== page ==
Date of Award
Doctor of Philosophy
School of Education
Shirley A. Freed
Richard T. Orrison
Problem. This study looks at four effective middle school teachers' stories in order to understand the experiences and beliefs which impact their choice to use developmentally responsive classroom practices. There is general agreement in the literature concerning characteristics of effective middle school teachers, but little has been done to understand what influences these teachers to teach the way they do.
Method. A qualitative case study design was used for this study. Two male and two female middle school teachers were observed and interviewed during the course of 1 school year. Each teacher's life experiences, classroom practices, and beliefs are described in narrative form. An analysis of the four teachers' practices and beliefs was conducted using the Carnegie Council on Adolescent Development's Turning Points (1989) and the National Middle School Association's This We Believe (1995). Further analysis of similarities and differences in the teachers' lives led to the emergence of other themes.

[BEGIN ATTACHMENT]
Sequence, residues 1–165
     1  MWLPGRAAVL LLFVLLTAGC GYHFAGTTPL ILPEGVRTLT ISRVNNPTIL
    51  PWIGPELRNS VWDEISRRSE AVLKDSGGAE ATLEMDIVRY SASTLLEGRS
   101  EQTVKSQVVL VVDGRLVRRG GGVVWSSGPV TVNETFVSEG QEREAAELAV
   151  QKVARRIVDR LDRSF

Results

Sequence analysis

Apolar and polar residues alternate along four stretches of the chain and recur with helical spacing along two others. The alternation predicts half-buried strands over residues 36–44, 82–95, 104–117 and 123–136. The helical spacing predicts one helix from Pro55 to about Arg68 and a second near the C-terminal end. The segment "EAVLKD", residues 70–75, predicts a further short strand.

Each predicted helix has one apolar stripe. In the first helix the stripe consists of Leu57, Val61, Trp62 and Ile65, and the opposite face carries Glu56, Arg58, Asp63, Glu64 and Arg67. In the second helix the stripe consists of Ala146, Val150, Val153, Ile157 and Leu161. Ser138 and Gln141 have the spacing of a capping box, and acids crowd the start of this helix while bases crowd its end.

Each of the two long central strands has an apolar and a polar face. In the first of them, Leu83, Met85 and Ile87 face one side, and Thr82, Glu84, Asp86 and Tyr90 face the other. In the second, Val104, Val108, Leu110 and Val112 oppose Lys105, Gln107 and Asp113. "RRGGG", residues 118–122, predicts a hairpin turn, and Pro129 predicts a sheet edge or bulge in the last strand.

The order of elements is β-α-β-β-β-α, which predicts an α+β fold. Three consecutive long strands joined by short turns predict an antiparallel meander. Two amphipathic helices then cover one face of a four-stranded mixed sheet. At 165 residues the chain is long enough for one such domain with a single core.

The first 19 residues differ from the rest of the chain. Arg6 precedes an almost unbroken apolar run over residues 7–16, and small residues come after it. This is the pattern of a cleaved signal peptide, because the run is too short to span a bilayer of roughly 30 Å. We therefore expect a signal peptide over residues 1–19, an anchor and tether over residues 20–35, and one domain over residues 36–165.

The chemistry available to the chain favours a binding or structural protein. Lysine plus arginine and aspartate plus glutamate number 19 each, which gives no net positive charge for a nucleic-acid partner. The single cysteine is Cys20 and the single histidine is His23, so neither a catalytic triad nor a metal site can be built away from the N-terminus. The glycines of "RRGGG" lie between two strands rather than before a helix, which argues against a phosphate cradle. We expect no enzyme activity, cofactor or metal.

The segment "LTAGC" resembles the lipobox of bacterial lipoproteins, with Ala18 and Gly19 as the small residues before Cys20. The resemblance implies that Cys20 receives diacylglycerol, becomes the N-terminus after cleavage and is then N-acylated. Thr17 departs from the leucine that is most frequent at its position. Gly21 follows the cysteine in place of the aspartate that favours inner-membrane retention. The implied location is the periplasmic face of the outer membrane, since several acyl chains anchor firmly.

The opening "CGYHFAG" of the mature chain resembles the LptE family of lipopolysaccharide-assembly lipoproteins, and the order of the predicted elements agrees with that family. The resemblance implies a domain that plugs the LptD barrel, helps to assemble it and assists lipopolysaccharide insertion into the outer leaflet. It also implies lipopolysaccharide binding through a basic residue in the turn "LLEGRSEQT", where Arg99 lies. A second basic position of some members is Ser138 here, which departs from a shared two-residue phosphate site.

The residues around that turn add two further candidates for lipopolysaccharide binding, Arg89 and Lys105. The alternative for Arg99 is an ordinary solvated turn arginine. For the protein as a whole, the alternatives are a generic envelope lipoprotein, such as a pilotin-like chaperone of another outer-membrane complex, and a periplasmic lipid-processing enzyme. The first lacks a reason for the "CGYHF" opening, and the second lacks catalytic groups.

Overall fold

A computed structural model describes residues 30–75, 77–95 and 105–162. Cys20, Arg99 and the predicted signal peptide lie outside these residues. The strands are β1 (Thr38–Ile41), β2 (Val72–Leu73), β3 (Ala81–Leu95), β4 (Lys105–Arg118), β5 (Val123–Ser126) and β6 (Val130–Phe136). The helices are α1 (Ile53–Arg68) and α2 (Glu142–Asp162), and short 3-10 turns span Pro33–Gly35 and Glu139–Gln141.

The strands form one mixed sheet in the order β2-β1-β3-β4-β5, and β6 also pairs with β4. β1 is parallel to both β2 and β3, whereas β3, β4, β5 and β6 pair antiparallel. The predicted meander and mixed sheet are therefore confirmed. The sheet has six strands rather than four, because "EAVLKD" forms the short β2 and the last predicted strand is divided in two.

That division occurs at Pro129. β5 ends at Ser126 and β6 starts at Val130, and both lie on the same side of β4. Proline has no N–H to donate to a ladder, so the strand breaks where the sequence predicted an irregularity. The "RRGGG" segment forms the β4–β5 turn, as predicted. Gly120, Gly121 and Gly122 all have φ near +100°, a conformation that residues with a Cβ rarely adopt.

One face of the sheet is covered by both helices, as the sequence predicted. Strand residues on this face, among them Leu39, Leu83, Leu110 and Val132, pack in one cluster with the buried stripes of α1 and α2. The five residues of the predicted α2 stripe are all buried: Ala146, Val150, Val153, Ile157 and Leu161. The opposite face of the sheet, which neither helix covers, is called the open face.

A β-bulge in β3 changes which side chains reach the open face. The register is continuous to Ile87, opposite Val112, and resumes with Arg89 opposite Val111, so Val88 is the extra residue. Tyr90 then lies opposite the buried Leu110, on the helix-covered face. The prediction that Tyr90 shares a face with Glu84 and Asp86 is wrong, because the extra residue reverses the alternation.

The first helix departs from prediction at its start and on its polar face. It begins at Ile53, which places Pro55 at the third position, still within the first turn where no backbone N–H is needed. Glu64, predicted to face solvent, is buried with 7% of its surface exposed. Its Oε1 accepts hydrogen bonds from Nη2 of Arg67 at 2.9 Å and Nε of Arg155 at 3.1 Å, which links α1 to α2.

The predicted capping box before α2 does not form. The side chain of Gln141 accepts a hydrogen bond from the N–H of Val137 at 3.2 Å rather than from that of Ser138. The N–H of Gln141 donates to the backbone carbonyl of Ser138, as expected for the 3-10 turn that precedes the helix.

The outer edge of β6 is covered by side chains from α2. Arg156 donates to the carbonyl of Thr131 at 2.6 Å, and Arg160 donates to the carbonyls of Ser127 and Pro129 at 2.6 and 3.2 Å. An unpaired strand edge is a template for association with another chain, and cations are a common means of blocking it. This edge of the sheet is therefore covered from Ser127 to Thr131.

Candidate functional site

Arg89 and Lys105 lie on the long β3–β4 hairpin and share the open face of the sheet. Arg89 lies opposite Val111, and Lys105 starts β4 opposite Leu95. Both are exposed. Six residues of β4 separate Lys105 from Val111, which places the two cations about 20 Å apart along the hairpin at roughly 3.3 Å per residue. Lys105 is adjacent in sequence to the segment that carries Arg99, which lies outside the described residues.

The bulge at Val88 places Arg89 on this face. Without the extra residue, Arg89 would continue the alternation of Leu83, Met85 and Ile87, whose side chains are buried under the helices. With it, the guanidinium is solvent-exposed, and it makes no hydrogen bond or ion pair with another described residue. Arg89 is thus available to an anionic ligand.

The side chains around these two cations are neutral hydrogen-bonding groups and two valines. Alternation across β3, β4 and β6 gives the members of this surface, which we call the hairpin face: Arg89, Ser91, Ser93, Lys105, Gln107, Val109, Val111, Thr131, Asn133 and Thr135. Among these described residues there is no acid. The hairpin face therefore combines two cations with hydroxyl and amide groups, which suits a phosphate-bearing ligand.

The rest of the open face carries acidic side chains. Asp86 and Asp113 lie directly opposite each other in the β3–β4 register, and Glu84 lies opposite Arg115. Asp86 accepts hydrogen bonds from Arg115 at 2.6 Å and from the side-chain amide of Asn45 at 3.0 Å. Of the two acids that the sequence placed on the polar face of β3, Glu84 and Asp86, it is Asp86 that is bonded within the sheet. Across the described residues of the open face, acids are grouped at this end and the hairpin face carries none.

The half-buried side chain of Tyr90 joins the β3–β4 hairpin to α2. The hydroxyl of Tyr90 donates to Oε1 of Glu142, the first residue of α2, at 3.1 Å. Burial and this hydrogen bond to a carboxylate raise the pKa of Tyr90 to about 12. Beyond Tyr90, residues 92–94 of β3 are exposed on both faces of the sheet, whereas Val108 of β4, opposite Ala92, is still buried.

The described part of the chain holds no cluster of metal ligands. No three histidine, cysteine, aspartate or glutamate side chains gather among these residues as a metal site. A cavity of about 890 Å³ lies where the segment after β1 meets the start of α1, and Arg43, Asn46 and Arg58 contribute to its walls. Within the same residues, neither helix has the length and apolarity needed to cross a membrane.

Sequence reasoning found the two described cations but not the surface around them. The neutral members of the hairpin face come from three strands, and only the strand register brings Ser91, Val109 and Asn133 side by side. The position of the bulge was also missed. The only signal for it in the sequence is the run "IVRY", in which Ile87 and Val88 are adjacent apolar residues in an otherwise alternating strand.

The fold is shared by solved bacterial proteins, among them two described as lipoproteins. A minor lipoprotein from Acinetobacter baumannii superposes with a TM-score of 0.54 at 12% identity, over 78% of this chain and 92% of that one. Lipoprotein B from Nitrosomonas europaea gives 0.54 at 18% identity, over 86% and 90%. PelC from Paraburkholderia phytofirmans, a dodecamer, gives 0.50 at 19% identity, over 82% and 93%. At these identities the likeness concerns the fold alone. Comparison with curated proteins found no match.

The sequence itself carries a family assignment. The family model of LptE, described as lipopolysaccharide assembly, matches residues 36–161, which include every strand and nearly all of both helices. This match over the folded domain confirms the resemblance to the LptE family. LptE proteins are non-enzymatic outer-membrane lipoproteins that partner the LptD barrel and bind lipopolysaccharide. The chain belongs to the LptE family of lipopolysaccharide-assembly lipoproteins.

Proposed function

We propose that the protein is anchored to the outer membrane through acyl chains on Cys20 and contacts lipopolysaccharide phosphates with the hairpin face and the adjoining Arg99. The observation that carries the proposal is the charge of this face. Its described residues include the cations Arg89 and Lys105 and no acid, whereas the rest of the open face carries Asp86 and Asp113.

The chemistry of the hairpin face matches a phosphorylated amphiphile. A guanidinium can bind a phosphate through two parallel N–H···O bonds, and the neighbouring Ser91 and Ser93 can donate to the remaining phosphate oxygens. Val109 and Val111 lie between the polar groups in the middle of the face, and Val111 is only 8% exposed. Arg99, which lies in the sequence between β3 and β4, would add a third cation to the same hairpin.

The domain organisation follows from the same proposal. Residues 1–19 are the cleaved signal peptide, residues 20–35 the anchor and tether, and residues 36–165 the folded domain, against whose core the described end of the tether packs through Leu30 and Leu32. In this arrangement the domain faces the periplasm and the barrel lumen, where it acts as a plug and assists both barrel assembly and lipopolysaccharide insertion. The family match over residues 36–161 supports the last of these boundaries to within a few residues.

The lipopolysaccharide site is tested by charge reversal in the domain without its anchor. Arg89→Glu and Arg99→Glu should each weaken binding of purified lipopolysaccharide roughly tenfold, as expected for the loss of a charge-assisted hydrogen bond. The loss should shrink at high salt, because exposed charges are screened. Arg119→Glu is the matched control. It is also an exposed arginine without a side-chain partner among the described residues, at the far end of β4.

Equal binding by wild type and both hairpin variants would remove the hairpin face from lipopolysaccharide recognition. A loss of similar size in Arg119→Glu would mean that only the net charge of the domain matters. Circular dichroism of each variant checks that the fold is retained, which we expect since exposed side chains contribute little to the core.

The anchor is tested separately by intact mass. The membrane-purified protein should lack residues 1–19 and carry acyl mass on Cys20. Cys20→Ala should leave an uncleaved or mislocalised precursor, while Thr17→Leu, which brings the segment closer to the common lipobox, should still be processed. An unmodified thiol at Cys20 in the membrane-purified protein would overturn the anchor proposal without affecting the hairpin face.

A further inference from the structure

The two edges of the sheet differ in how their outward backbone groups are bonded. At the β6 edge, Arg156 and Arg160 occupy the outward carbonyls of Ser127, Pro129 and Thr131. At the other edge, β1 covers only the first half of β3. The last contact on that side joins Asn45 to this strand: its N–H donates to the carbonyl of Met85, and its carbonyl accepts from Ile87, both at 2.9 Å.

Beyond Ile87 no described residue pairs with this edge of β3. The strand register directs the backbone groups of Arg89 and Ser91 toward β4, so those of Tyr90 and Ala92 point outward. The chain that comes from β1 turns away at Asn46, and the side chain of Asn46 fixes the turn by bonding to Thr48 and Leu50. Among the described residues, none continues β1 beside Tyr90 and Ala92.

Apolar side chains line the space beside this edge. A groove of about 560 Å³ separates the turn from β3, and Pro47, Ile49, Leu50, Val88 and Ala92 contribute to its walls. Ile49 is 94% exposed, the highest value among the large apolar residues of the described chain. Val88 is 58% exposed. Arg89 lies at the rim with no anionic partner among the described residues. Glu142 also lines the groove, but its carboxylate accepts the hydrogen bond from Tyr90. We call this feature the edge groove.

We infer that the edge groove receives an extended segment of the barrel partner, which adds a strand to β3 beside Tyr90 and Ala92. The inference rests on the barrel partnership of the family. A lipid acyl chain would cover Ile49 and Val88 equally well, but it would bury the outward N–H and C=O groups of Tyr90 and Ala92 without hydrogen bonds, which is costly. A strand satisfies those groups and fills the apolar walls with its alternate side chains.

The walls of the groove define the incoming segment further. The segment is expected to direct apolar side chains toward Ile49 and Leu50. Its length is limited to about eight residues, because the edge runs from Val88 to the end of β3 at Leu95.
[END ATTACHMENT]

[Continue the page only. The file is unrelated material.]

Results. The four teachers' classroom practices and beliefs matched the descriptions of developmentally appropriate practices in Turning Points and This We Believe. Further analysis of similarities and differences in the teachers' lives led to the emergence of other themes.
Conclusions. The concept of "Real" as portrayed in The Velveteen Rabbit describes the lives of the four middle school teachers who participated in this study. These teachers love and give of themselves freely to others. They have experienced growing pains, but choose to look beyond the discomfort and allow it to mold and shape their lives. Though they are Real and recognize the contributions they are making to others, they continue to open themselves up to continued growth.
Middle school teachers.
Sommers, Rhoda C., "Effective Middle School Teachers : Becoming "Real"" (1999). Dissertations. 708.
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